In addition to my blog topics surrounding current events as well certain anecdotes from my practice, I also like to try to break down “legal jargon” for everyday people. When marital dissolutions are filed, 67% of Petitioners are self-represented; by the conclusion of a divorce action, 80% of Petitioners are self-represented. Unfortunately, given the extensive budget cuts that Los Angeles County and the state as a whole have suffered, judges do not always have the time to explain what each and every term that is thrown around in court means.
Not wanting to “seem dumb”, many litigants simply let these phrases get tossed around, or worse yet, they agree to comply with some rule that a Judge orders, even when they have no idea as to what they are agreeing. To combat this, I will frequently distill some of the most common terms into language most will understand. Here, I will tackle the term “730 Evaluator.”
Judges usually only have a finite amount of time to decide a “short cause hearings” (typical motions for some form of temporary relief in family court). When more complex issues arise, many parties predictably engage in a “he said, she said” form of court conflict. Although it is true that judges are tasked with determining which witnesses or parties appear more credible than others, sometimes both sides may seem equally credible (or equally not credible).
In those instances, a judge will often refer to a need for a “730 Evaluator.” This is a term that is actually derived from the California Evidence Code. Section 730 of the Evidence Code states that courts may appoint expert witnesses whenever their testimony or investigation is necessary to help the Court try certain issues of fact.
The most typical 730 Evaluation in the Family Law context is for a professional child custody evaluation, though evaluators may also be appointed to assist the Court in valuing one party’s business, or determining the earning capacity of a party for the purposes of setting child or spousal support awards.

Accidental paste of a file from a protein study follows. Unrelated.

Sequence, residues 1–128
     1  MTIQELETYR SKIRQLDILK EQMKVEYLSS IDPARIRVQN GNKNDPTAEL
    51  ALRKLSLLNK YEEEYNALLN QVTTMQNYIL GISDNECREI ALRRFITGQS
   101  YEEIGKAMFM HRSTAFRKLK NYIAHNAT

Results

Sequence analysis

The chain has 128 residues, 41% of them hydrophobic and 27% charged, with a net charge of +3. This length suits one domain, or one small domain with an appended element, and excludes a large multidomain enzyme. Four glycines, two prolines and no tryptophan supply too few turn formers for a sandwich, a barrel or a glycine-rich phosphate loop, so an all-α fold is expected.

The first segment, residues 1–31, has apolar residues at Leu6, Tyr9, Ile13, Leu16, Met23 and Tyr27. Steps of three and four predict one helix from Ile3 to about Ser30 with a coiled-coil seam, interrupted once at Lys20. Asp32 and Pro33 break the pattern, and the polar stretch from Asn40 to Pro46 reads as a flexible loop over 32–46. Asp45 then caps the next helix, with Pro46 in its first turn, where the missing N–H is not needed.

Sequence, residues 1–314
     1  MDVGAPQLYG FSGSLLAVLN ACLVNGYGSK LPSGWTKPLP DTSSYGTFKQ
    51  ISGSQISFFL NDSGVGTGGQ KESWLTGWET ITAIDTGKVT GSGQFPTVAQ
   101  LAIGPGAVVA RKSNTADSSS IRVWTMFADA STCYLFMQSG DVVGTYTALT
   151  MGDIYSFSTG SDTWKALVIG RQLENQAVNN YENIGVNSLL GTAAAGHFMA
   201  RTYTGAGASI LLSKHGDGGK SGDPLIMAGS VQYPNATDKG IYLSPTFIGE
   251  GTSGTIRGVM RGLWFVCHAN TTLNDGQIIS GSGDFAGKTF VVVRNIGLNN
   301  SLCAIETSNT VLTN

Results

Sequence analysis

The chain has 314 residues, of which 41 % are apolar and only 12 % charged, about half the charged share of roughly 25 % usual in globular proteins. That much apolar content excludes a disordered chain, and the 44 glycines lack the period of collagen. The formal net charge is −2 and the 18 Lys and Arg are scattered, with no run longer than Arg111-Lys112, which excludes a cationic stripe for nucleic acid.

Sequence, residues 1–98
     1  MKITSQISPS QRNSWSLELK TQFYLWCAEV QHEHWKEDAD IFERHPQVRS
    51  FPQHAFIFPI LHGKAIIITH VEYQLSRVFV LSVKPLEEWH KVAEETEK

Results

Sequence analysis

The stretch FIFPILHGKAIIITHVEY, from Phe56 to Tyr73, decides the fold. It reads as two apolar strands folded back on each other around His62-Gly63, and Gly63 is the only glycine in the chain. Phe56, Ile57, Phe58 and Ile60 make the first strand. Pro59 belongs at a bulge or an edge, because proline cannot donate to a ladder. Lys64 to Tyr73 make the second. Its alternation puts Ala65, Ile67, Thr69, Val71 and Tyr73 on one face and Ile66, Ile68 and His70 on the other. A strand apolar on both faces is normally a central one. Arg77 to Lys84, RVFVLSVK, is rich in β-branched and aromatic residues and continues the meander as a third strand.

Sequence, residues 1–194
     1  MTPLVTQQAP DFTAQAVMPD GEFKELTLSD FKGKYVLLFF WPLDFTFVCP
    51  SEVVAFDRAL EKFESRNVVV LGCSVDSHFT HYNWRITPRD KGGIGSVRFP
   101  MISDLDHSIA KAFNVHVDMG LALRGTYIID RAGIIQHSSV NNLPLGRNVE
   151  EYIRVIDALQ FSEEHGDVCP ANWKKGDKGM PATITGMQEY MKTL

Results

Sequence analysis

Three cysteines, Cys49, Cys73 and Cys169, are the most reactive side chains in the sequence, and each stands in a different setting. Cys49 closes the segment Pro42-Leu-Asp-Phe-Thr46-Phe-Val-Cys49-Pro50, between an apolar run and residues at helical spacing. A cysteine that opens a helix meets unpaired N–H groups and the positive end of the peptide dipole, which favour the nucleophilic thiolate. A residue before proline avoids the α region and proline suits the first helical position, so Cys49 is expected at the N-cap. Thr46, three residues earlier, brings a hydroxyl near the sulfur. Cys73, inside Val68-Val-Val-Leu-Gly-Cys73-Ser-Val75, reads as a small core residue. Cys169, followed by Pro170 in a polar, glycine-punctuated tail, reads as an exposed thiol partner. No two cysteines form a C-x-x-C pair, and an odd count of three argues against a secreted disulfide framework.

In the context of child visitation and custody, however, when parents fight uncontrollably over what is in their children’s best interests, a judge may appoint a custody evaluator to conduct an evaluation of the parties and children and to make recommendations for an appropriate parenting plan. In Los Angeles County, there is a list of several qualified mental health professionals who are certified by the Court and subsequently placed in the 730 “panel.” However, like most highly qualified individuals,
730 Evaluators are not exactly cheap.
As a result, before a party lets an attorney convince him or her of the “necessity” of having an evaluation, it typically makes more sense to do a cost-benefit analysis. If two parties are arguing over whether Mom should be permitted to take Junior to Chicago with her due to her second husband’ relocation, there isn’t a lot of middle ground; if Dad simply wants longer summer visitation because he no longer feels that alternating weekends are sufficient to see Junior, there’s probably considerably more room to meet in the middle.
The use of an experienced, family law attorney can greatly assist you if you’re considering the value of commissioning a 730 Evaluator. Experienced attorneys have usually dealt with many evaluators on the Court’s panel and they may make recommendations based on their years of experience. Moreover, attorneys can assist in aiding litigants with determining the cost benefit analysis regarding whether a 730 Evaluator is worth the time and expense in each individual’s case.
If you, or someone you know, are in the midst of dissolution proceedings, please contact us to see if we may be of assistance.